In reflecting back upon these last sixteen years, I can see tragedies and happiness, all relative — all unimportant now — fit only to smile upon a bit mistily.

I still do not know myself. Perhaps I never will. But I feel free — unbound by responsibility.

In a sentiment calling to mind Susan Sontag’s memorable assertion that “a writer is a professional observer,” teenage Plath adds:

At the present moment I am very happy, sitting at my desk, looking out at the bare trees around the house across the street… Always I want to be an observer. I want to be affected by life deeply, but never so blinded that I cannot see my share of existence in a wry, humorous light and mock myself as I mock others.

[…]

I am afraid of getting older. I am afraid of getting married. Spare me from cooking three meals a day — spare me from the relentless cage of routine and rote.

Illustration by Quentin Blake from Plath's 'The Bed Book,' a children's book written for her own kids. Click image for more.

Plath did get married and did have kids. To this, a necessary addendum: The hubristic assumption that her marriage was the cause of her tragedy — an assumption tragically common in our age of snap judgments and superficial impressions masquerading as informed opinions, with which people don’t hesitate to impale others whenever Plath and Hughes are mentioned — is a disservice to the seething cauldron of complexity that is a human life, to say nothing of the double complexity of human relationships; it is also an assumption that fails to account for the still barely understood neurochemistry of creativity and mental illness.

What is clear is that at seventeen, Plath is tussling with precisely those complexities that make a person, feeling out the boundaries of the self, that resident-alien of body and mind:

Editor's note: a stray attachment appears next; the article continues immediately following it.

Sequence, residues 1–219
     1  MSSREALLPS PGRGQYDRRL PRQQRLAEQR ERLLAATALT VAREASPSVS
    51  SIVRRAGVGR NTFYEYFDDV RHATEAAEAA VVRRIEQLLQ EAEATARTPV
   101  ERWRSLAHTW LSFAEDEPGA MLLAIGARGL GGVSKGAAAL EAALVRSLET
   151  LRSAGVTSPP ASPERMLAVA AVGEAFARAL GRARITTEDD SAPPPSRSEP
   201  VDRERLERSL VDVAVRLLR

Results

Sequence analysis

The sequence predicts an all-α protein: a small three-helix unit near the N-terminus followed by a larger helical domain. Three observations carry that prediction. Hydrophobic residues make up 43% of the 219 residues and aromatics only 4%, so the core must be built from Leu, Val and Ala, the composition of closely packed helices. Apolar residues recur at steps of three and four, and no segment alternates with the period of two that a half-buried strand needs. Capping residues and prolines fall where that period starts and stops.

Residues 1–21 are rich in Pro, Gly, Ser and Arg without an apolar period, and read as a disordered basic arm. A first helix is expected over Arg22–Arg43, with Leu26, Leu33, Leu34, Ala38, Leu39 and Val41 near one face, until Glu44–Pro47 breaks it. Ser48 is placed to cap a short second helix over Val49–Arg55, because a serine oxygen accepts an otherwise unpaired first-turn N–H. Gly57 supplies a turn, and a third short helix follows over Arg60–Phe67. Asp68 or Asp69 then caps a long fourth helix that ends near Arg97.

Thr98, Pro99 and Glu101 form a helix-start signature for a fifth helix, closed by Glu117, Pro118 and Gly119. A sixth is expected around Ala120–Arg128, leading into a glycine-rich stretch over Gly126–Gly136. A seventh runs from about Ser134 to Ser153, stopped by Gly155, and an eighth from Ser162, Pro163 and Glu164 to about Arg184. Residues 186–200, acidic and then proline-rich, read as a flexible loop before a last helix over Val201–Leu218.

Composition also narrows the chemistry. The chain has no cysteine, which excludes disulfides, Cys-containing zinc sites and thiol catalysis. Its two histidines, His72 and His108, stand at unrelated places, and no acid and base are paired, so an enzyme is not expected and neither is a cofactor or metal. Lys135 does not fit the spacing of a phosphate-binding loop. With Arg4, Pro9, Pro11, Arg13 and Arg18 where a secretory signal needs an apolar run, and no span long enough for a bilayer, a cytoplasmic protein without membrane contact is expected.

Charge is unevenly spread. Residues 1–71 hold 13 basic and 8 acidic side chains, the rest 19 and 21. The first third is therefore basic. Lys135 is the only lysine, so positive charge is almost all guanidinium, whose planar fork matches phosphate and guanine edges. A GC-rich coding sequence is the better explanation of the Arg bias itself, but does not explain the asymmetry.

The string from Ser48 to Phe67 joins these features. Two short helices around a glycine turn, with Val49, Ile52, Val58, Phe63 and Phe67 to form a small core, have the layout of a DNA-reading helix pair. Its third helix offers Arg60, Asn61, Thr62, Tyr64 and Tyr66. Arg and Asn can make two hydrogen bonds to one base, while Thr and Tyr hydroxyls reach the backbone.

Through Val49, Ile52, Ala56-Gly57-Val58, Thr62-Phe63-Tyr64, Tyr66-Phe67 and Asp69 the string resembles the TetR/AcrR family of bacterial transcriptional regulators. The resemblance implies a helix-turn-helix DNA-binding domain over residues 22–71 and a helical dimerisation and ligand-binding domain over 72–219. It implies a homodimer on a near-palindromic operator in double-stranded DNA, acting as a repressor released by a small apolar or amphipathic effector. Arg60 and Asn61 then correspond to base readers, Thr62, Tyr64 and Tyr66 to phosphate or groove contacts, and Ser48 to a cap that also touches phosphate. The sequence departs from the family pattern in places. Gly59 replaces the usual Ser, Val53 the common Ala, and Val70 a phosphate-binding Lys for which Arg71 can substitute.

I want to be free — free to know people and their backgrounds — free to move to different parts of the world so I may learn that there are other morals and standards besides my own. I want, I think, to be omniscient… I think I would like to call myself “The girl who wanted to be God.” Yet if I were not in this body, where would I be — perhaps I am destined to be classified and qualified. But, oh, I cry out against it. I am I — I am powerful — but to what extent? I am I.

Sometimes I try to put myself in another’s place, and I am frightened when I find I am almost succeeding. How awful to be anyone but I. I have a terrible egotism. I love my flesh, my face, my limbs with overwhelming devotion. I know that I am “too tall” and have a fat nose, and yet I pose and prink before the mirror, seeing more and more how lovely I am… I have erected in my mind an image of myself — idealistic and beautiful. Is not that image, free from blemish, the true self — the true perfection? Am I wrong when this image insinuates itself between me and the merciless mirror. (Oh, even now I glance back on what I have just written — how foolish it sounds, how overdramatic.)